Nintendo Wins UK High Court Case to Block Pirated Switch Games
A court in the United Kingdom has decided to approve the request made by Nintendo which aims to block the main internet sites that illegally distribute games for Nintendo Switch, thus demonstrating, once again, the willingness of the Japanese company to combat piracy on the hybrid console.
The English high court then ruled in favor of the Kyoto house, which claimed that these pirate sites had broken the registered trademark of Nintendo and that there was no legal defense for changing the hardware of Switch. Software leaks, rather than manual changes, are often used on Switch (and not only) to play illegally downloaded titles, without paying a penny to developers and publishers.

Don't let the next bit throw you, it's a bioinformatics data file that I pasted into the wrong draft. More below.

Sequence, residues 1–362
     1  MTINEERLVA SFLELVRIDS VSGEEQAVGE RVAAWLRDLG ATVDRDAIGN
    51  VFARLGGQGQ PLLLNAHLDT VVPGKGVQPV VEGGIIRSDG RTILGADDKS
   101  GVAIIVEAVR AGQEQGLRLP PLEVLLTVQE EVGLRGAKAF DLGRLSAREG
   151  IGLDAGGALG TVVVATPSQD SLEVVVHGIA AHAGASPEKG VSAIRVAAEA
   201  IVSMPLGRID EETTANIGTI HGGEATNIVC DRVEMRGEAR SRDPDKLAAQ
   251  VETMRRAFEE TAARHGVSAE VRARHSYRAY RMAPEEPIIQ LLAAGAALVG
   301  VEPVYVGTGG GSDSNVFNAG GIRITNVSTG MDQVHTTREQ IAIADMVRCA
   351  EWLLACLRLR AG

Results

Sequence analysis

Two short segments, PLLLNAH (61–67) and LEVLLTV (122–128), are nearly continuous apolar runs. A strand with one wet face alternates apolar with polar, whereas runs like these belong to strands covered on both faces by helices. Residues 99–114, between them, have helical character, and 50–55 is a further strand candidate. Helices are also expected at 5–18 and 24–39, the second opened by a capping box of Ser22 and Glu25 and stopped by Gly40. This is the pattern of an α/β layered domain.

The court has issued an order to the five major internet providers in the United Kingdom – Sky, BT, EE, TalkTalk and Virgin Media – to block or try to block access to four Nintendo sites.
Nintendo is a video game company that has always had a great deal to do with piracy, and that has always tried to block as many illegal services as possible that allow the use of their games on modified consoles (or emulators) obtained in non-legal ways.
We will see, then, if it tries to carry out the same action in other regions. Certainly, piracy is still very active in video games, and although it seems to have fallen into the latest generation of consoles, there is still a lot of work to be done to make the sector purely clean.